"It was his order, and Viktor Yanukovych, who is guilty of this, will be forced to resign," said Yatsenyuk.
 
The chair of the European Union Presidency, Lithuania, condemned the police crackdown, while the US embassy urged Ukraine to "respect the rights of civil society."
 
Protestors are re-grouping in Kyiv ahead of a big rally planned for Sunday.
 
Jailed ex-Prime Minister Yulia Tymoshenko has urged the demonstrators to overthrow the government.

VOA correspondent Henry Ridgwell contributed to this report from Kyiv. Some information was provided by AP and AFP.

Torn Between East and West, Ukraine Debates Futurei
X
November 29, 2013 7:11 PM
As European leaders try to persuade Ukraine to sign on to a trade deal, its people face an uncertain future. After decades of Soviet rule followed by a high degree of economic dependence on Russia, Ukranians are nervous about antagonizing Moscow. VOA's Henry Ridgwell reports.

You May Like

Video Indiana Controversy Points to Divergent Notions of Religious Freedom

Gay-marriage opponents are looking for ways to maintain their beliefs in face of changing culture, one writer says More

UNICEF Denies North Korean Measles Outbreak

Agency dismisses Russian media report after government, WHO assurances More

Turkey Seen Taking Harder Stance Against Militant Kurds

Stance comes as President Recep Tayyip Erdogan is being seen as moving closer to generals More

This forum has been closed.
Comments
     
There are no comments in this forum. Be first and add one

Featured Videos

Your JavaScript is turned off or you have an old version of Adobe's Flash Player. Get the latest Flash player.
Indiana Controversy Highlights Divergent Meanings of Religious Freedomi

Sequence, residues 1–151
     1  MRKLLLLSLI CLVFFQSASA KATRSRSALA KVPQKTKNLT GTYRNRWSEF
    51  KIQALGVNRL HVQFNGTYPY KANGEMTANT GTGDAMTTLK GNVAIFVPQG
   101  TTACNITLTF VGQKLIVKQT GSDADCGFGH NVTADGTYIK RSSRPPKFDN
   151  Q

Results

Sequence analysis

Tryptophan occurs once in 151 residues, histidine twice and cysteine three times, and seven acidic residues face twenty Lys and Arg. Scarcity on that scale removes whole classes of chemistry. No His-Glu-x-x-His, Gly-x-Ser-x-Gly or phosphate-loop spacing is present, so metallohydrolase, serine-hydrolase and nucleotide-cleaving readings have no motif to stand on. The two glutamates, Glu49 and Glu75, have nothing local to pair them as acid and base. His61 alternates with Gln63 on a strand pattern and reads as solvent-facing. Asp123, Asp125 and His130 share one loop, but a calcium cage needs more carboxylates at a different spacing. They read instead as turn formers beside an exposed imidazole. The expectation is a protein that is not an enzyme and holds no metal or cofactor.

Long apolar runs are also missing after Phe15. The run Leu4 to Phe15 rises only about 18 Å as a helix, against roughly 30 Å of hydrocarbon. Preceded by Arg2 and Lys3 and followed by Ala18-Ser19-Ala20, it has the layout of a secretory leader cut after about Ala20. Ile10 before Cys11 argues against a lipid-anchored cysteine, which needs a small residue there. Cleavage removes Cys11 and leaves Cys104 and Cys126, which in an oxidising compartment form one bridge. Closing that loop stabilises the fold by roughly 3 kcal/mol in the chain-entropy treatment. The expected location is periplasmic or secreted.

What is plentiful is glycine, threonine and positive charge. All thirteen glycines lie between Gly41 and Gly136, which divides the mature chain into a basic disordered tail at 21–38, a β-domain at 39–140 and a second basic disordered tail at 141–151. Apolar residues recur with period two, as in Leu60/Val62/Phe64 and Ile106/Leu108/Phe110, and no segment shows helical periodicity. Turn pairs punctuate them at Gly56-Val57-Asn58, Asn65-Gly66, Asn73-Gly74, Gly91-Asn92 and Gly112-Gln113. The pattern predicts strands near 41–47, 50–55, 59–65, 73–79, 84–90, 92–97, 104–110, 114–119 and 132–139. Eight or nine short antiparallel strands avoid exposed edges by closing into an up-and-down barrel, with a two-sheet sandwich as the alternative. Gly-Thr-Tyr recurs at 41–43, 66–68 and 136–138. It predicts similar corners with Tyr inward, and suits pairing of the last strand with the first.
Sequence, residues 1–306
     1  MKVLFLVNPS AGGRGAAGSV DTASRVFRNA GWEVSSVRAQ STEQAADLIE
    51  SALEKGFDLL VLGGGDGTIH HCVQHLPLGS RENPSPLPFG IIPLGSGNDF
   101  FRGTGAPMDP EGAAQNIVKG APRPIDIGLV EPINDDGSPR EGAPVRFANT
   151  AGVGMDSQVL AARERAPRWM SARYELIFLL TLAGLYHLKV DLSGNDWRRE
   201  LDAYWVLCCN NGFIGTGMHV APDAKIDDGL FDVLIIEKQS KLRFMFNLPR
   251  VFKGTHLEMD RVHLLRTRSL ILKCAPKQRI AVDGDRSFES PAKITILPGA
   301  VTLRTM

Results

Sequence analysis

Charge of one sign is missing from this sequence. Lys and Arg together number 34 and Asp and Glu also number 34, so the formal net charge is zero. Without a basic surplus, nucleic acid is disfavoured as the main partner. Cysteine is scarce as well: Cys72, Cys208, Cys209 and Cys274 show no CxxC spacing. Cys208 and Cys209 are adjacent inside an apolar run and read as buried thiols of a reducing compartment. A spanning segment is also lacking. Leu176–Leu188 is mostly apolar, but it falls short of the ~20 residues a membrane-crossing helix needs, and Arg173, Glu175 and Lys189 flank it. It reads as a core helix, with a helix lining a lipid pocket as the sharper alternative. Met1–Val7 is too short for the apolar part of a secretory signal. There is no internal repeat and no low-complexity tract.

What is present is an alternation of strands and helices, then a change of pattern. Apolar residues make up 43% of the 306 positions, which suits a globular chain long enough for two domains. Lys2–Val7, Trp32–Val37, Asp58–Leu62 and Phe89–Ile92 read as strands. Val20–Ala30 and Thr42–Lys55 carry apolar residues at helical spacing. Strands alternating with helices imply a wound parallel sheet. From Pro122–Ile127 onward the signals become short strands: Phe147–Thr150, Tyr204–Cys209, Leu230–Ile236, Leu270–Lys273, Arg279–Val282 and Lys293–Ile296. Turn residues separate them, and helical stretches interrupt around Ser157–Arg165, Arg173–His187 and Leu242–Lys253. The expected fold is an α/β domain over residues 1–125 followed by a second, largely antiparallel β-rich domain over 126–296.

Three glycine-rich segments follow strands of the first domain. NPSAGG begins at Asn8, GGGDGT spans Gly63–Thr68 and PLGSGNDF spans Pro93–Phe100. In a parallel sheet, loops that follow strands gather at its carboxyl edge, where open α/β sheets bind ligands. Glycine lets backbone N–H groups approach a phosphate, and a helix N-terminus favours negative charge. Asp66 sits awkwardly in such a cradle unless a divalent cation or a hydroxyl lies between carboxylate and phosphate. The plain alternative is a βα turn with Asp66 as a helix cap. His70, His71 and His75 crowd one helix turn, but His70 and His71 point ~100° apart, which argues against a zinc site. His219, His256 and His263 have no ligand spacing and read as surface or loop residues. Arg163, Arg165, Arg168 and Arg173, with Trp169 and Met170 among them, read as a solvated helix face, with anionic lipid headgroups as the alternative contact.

X
Jerome Socolovsky
April 01, 2015 1:41 AM
Indiana’s state government has triggered a nationwide controversy by approving a law that critics say is aimed at allowing discrimination against gays and lesbians. The controversy stems from divergent notions of religious freedom in America. VOA's Jerome Socolovsky reports.
Video

Video Indiana Controversy Highlights Divergent Meanings of Religious Freedom

Indiana’s state government has triggered a nationwide controversy by approving a law that critics say is aimed at allowing discrimination against gays and lesbians. The controversy stems from divergent notions of religious freedom in America. VOA's Jerome Socolovsky reports.
Video

Video Nigerians Welcome Buhari's Return to Power

Crowds of jubilant Nigerians nationwide have celebrated the return to power of former military ruler Muhammadu Buhari. The retired army general won this year's presidential election with more than 2 million votes more than incumbent President Goodluck Jonathan. Buhari's supporters hope he can strengthen the country's economy and security once he takes office in late May. Zlatica Hoke has this story.
Video

Video Report: State of Black America a 'Tale of Two Nations'

The National Urban League has described this year's "State of Black America" report as a "tale of two nations." The group's annual report, released earlier this month (March), found that under an equality index African Americans had only 72% parity compared to whites in areas such as education, economics, health, social justice and civic engagement. It’s a gap that educators and students at Brooklyn’s Medgar Evers College are looking to close. VOA's Daniela Schrier reports from the school.
Video

Video Film Tells Story of Musicians in Mali Threatened by Jihadists

At this year's annual South by Southwest film and music festival in Austin, Texas, some musicians from Mali were on hand to promote a film about how their lives were upturned by jihadists who destroyed ancient treasures in the city of Timbuktu and prohibited anyone from playing music under threat of death. As VOA’s Greg Flakus reports from Austin, some are afraid to return to their hometowns even though the jihadists are no longer in control there.